Anderson-based Lampco Federal Credit Union, which has been focused on Madison County for 60 years, is eyeing expansion opportunities in Indianapolis and some of its suburbs.
“We’re excited to come to the area,” said Lampco CEO Migual Patterson.
Lampco was established in 1962 to serve local employees of Guide Lamp, a division of General Motors. The credit union later expanded its reach, making membership available to anyone who lives, works, worships or attends school in Madison County. It currently has two physical locations, both in Anderson.
In October, the National Credit Union Administration gave its approval for Lampco to expand its field of membership into Marion, Hamilton and Hancock counties, Patterson said. That means the credit union can now add members who live, work, worship or attend school anywhere in the four-county area.
Lampco has $65.8 million in assets and about 7,500 members. Based on local assets, Lampco ranked 14th in IBJ’s 2023 list of biggest credit unions.
Patterson said Lampco does offer commercial and business lending, but its core focus is on lower-income and underserved populations. One of the organization’s key means of reaching potential members is by forming partnerships with churches, schools, and not-for-profit organizations.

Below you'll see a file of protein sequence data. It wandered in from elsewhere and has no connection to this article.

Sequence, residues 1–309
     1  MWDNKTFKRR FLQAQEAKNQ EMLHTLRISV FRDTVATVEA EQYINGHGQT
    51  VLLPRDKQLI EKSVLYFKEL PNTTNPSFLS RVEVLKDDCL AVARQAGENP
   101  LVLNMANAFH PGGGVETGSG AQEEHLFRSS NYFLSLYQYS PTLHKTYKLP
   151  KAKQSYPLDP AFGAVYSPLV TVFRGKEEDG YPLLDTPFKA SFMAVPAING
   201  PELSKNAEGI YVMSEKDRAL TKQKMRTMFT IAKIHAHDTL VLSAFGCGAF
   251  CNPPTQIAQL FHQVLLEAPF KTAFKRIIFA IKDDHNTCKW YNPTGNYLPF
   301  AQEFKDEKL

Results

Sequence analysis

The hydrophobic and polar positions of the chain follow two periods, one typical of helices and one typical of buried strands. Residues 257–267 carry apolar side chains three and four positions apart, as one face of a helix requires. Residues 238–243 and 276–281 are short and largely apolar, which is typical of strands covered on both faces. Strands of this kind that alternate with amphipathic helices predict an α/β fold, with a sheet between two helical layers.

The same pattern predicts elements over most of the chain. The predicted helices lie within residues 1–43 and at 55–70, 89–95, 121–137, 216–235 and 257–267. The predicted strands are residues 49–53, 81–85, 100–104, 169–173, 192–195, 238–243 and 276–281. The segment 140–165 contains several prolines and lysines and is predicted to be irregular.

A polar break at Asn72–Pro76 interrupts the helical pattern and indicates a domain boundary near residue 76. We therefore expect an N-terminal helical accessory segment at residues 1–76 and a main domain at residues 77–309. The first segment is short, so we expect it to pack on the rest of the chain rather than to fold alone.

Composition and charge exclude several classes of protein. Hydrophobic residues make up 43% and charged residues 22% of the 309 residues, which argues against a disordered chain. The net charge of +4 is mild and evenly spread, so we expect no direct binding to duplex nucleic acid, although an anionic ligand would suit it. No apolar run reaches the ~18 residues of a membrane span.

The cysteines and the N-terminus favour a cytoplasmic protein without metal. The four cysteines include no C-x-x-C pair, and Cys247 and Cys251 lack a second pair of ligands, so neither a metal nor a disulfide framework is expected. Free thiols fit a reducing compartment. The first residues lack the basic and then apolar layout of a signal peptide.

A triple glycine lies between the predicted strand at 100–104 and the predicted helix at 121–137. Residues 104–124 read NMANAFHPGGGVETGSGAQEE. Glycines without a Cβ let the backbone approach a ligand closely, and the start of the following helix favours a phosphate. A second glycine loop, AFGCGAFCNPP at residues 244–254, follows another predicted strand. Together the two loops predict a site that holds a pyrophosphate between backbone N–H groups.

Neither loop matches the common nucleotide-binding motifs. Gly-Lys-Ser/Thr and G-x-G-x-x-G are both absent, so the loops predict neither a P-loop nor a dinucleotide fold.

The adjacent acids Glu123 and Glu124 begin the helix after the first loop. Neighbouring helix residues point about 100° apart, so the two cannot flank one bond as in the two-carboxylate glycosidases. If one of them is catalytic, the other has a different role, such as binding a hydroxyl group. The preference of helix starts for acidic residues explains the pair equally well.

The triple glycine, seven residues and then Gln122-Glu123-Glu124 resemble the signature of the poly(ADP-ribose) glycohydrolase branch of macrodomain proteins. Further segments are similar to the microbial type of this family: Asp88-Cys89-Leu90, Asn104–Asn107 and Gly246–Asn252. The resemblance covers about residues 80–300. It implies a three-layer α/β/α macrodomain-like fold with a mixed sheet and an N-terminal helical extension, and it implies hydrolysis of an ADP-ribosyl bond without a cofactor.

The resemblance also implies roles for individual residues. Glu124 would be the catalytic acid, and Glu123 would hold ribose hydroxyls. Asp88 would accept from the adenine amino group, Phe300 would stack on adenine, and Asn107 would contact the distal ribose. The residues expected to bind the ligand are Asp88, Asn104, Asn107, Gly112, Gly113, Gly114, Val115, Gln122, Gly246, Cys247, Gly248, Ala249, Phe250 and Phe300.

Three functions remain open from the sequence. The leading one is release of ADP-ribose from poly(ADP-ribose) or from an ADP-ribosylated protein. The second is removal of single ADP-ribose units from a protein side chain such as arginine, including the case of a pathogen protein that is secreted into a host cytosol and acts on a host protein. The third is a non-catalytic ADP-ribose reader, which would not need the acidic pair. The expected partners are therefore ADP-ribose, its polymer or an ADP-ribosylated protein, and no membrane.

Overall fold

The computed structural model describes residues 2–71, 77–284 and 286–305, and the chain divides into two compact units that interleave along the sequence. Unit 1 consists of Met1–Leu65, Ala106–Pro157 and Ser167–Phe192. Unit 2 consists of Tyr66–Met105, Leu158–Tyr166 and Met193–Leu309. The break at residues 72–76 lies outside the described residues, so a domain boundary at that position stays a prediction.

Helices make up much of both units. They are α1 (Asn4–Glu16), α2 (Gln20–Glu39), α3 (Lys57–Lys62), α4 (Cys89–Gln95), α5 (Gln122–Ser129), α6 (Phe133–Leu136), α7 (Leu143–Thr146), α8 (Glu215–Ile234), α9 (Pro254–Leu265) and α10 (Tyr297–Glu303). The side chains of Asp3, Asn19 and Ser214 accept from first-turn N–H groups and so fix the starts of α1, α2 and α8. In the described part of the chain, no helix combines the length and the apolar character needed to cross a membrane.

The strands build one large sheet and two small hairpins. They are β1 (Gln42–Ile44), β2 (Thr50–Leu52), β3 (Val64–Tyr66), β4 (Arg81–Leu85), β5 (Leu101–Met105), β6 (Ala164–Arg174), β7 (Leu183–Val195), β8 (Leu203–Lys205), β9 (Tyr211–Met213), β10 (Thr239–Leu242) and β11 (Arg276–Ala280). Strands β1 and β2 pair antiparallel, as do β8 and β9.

The credit union’s main rivals aren’t big commercial banks, Patterson said. In fact, they aren’t banks or other credit unions at all. “My competition is more of the payday lenders, the loan-shark-rate lenders.”
People should not expect to see new Lampco branches opening in the three expansion counties any time soon, though, Patterson said. Instead, the credit union will take a measured, deliberate approach.
“It’s going to be slow growth,” he said. “I think we really need to take our time and find out what’s needed.”
Lampco hasn’t set firm goals for membership growth, Patterson said, but he’d be pleased if the credit union’s membership rolls grew to 10,000 or so within three to five years.
In its three new expansion counties, Patterson said, Lampco is working to form community partnerships, with plans to begin offering financial literacy programs early next year. The credit union also plans to install at least one live-teller ATM machine in each county next year—ATMs that offer users the ability to speak with a Lampco representative via video if they choose.
Lampco hasn’t yet determined where those ATMs will be located, Patterson said, but they will likely be near a community partner organization’s facility.
The next step would likely be to open a loan production office in the expansion territory, Patterson said, maybe within the next two years. Next, Lampco would look towards opening physical branches—something that could happen in three to five years. Lampco’s branch presence will be dependent on what members want, Patterson said, and how important a physical office is to members in the age of digital transactions.